Ashanti’s alarm launched in COP20
Defending local communities from climate change consequences is a challenge of the COP20.
By Serena Boccardo e Milena Rettondini
Floods, landslides, washouts and deforestation in the Amazons and in the Andean regions threaten ancestral traditions and ancient practices: land farming, traditional medicine, the disappearance of many species of animals and plants, caused by land devastation and rising temperatures are having such an impact on indigenous people that they are forced to migrate and use Western farmaceutical products.
In the months preceding the COP20, 60 young indigenous people belonging to these communities set up a network called Red de Organizaciones de Jovenes Indigenas of Peru, aimed at discussing their needs and identifying common goals to be reached through lobbying the delegates at COP20. Specifically, they call for including in the UNFCCC Agenda an Article aimed at safeguarding the rights of indigenous minorities.
Mama Pancha (the “Mother Earth”) is one, needs are diverse. Young people from the Ashanti minority are aware of this, therefore in their communities they promote actions aimed at the preservation of traditional agricultural practices, use of organics, biological and cultural biodiversity management and efficient solid waste management systems. “It is very difficult to change the local way of thinking,” says Angie, the Director of the Organization and Communication Network Peruvian Youth Afrodiscendetes “because our people is not aware of the relationship between climate change and weather.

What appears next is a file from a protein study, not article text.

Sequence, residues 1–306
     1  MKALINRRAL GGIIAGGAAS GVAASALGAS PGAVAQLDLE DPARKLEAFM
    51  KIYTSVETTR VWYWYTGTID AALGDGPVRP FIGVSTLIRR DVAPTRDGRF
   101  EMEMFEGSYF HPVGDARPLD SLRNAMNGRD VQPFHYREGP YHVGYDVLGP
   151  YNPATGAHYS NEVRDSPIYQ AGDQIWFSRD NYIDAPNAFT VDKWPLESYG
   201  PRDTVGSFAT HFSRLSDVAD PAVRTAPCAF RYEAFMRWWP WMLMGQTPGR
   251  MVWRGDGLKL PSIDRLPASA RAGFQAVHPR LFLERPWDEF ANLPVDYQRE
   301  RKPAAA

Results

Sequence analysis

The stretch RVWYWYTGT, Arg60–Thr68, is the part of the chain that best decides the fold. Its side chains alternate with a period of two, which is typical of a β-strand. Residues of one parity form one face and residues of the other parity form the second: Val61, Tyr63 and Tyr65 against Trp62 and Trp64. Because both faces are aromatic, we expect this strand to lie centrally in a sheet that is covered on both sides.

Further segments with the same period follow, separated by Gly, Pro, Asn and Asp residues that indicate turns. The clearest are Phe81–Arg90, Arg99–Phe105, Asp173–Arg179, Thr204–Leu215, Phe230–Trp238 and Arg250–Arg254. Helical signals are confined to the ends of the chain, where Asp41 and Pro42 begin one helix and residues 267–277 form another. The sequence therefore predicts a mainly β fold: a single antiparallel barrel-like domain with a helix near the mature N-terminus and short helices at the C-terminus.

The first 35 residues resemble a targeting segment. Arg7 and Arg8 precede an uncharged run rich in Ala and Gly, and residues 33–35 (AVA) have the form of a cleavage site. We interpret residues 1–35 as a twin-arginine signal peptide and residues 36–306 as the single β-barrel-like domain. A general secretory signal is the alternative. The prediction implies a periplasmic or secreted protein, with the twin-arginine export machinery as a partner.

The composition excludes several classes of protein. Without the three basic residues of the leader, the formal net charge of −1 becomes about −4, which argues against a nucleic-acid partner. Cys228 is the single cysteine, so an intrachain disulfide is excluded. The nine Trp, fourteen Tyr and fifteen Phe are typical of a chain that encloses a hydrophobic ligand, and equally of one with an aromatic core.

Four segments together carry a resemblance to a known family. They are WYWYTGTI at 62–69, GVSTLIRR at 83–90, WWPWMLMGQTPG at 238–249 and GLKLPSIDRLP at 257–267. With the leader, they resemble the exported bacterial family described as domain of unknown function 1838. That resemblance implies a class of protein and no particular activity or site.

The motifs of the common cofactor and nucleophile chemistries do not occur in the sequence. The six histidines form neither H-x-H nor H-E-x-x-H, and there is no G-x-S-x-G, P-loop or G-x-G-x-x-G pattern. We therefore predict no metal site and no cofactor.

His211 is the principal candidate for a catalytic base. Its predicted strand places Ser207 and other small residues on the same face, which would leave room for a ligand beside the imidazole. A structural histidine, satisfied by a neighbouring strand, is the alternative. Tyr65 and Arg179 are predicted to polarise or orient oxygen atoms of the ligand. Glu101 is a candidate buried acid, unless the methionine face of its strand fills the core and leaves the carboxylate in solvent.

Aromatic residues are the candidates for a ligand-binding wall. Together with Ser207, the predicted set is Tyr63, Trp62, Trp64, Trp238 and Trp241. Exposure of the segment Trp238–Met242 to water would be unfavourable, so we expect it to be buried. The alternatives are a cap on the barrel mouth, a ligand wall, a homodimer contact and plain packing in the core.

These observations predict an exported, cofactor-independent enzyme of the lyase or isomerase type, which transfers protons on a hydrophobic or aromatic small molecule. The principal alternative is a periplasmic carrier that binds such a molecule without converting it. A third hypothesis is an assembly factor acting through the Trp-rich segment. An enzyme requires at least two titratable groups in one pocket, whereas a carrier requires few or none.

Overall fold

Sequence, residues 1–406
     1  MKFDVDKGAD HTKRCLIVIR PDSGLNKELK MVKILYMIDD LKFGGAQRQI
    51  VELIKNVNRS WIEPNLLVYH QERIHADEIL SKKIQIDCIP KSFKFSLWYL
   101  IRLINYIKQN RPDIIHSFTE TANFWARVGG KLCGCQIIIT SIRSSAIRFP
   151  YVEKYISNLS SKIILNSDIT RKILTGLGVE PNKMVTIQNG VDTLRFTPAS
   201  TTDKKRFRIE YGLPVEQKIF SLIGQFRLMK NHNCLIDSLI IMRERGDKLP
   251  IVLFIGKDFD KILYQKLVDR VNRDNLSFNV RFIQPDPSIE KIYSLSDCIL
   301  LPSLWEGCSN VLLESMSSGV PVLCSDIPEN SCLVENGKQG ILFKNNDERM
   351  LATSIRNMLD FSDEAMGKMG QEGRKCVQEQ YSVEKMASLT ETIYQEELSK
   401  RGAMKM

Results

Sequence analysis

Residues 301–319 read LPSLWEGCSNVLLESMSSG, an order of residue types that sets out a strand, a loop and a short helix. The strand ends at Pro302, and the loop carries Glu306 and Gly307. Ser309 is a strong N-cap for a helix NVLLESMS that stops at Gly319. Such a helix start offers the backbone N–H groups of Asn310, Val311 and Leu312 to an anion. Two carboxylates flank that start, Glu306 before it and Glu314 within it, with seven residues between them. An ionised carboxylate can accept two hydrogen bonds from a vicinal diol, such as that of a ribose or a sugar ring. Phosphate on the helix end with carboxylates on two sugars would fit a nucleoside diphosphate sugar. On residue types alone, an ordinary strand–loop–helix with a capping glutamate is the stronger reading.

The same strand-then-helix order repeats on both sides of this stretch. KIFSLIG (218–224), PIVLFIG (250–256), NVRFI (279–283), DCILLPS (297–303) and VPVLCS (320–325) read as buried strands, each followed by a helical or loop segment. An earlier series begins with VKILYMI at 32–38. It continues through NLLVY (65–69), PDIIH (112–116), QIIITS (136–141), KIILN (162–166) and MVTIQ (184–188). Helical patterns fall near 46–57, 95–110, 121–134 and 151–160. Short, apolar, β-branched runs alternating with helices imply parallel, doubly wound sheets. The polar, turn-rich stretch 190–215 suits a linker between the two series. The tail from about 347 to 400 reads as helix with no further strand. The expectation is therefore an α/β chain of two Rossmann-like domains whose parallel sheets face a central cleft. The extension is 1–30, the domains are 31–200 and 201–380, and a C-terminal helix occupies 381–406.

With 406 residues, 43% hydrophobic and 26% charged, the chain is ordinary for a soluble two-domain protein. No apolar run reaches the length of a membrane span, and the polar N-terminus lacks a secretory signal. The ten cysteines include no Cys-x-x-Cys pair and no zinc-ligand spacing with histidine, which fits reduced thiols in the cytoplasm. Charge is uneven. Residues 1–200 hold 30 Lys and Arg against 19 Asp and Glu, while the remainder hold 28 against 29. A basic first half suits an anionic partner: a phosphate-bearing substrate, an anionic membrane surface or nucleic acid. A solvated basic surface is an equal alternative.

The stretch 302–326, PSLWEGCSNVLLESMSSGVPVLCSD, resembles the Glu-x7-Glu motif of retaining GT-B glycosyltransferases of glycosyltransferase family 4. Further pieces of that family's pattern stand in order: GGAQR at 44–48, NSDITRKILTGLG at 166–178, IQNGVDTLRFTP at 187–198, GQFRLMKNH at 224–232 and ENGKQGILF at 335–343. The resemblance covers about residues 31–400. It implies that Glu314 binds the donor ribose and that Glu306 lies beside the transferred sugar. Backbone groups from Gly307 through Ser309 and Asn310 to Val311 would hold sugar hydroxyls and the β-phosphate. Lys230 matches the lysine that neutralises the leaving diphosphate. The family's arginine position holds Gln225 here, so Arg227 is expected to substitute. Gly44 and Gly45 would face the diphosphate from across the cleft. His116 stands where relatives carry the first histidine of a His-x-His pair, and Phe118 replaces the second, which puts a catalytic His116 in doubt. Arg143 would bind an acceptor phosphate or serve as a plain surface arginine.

Working at the institutional level is our priority: we asked to municipalities, regional governments and the Ministry of Environment to support our battle. We need visibility, we need to include in the COP20 Final Declaration the defence of minorities as a priority. That’s why we created our Official Declaration, to be submitted to the attention of the national focal points and to be discussed during negotiations.” In this document, they ask for preserving their living conditions, environmental conditions and cultural background of their communities as they are.
They call for sustainable development, territorial autonomy and self-determination of indigenous peoples and Afro-descendants and the implementation of a participatory process. Their slogan is “Say NO to climate change, say YES to a systemic change” : we hope they will reach their goal soon.